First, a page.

National Society of Film Critics Film Heritage Award
Chaplin At Keystone (1927)
Charles Chaplin came to Mack Sennett’s Keystone Studios late in 1913 as a little-known British vaudevillian, and after a year, had not only established his Tramp character, learned to write and direct his own films, and also achieved public recognition as a star comedian. Although Keystone did not publicize its performers by name, standees of Chaplin's likeness outside theatres sufficed to attract audiences. Some of the films, especially Tillie's Punctured Romance, remained in theatrical distribution for decades.
The fact that all but one of the Chaplin Keystones exist is due, of course, to the star’s enormous subsequent popularity. Most of the original Keystone negatives, however, were simply printed away and the survival of all but a few of these films depends upon a very few original prints, a larger number of reissue prints, and some duped prints from later years. With the support of Association Chaplin (Paris), 35mm full aperture, early-generation materials were gathered over an eight year search on almost all the films from archives and collectors around the world, and were painstakingly pieced together and restored by the British Film Institute National Archive, the Cineteca Bologna and its laboratory L’Immagine Ritrovata in Italy, and Lobster Films in Paris. Most are now clear, sharp and rock-steady, although some reveal that their source prints are well-used and a handful survives only in 16mm. While admitting these limitations, one can now understand Chaplin's meteoric rise, for it is possible for the first time in generations to see clearly what clever and imaginative films he made at Keystone.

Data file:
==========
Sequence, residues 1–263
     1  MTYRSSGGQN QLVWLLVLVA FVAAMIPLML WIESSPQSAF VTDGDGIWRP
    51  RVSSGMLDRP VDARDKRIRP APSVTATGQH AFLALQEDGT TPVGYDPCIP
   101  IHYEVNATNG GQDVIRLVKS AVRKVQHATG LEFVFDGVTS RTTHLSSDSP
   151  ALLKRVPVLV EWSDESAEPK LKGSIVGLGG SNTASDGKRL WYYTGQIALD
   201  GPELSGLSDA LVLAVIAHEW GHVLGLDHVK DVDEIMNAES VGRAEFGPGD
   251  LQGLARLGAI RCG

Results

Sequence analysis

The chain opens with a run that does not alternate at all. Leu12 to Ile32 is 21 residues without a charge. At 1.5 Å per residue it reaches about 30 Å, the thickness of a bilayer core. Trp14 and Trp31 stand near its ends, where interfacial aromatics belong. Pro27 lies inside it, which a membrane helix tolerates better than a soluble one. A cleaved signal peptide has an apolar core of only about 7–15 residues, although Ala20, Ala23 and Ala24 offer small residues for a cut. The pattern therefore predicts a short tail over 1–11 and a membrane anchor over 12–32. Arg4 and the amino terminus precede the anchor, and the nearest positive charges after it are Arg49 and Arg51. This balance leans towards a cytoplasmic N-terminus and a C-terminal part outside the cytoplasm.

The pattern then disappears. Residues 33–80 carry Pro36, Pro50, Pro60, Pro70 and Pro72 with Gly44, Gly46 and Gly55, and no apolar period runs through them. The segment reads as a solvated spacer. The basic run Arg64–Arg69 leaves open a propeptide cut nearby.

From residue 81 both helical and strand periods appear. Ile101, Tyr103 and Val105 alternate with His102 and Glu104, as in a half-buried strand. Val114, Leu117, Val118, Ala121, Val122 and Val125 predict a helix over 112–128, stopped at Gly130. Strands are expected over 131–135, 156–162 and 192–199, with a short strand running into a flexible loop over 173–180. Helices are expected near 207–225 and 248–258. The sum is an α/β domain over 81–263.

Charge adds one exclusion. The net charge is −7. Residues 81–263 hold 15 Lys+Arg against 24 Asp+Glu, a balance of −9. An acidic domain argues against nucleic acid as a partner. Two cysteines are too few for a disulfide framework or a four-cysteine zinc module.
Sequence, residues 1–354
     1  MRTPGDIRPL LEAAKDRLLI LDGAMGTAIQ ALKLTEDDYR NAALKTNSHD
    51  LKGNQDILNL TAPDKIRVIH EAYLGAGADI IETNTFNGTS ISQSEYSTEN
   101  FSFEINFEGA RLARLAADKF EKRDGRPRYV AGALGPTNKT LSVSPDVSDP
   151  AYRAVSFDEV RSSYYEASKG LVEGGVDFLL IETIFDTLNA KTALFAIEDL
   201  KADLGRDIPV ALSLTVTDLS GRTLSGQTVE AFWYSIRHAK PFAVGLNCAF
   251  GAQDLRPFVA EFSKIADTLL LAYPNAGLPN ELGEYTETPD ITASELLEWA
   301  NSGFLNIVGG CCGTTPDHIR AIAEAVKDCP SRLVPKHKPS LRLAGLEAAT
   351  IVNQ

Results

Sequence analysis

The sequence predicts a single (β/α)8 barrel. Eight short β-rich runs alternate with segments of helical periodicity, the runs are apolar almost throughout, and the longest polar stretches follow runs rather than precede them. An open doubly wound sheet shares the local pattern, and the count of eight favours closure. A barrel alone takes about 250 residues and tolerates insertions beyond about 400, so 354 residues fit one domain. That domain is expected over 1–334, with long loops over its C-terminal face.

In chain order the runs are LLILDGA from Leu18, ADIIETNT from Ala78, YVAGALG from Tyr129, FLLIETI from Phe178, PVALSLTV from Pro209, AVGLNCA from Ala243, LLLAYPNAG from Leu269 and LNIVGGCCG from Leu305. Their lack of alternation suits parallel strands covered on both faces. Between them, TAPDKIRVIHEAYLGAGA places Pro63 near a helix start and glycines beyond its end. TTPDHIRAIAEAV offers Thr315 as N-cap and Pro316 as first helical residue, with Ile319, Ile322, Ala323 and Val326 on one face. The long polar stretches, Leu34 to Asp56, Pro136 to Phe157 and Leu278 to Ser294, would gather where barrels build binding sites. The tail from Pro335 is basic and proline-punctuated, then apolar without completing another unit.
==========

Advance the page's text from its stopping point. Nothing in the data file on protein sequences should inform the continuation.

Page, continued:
Flicker Alley is proud to present the world debut of Chaplin at Keystone, a 4-DVD boxed set. These editions feature all-new musical settings by outstanding practitioners of silent film accompaniment Eric Beheim, Neil Brand, Antonio Coppola, Frederick Hodges, Stephen Horne, Robert Israel, Rodney Sauer and The Mont Alto Motion Picture Orchestra, Ethan Uslan, and Ken Winokur's band Tillie’s Nightmare with the UCLA Film and Television Archive restoration of Tillie's Punctured Romance.
DVD SPECIAL FEATURES
An extensive booklet provides an overview of the importance of the Chaplin Keystone comedies and detailed notes on the individual films by film historian and author Jeffrey Vance (Chaplin: Genius of the Cinema). Inside the Keystone Project is a short documentary detailing the international restoration efforts; historian John Bengtson takes a "then and now" look at several Keystone film locations in a 10 minute filmed tour based on his book Silent Traces. There is also a short excerpt from A Thief Catcher, recently-discovered by Paul E. Gierucki, with Chaplin as a Keystone Cop; along with the animated Charlie's White Elephant, and a gallery of rare photographs..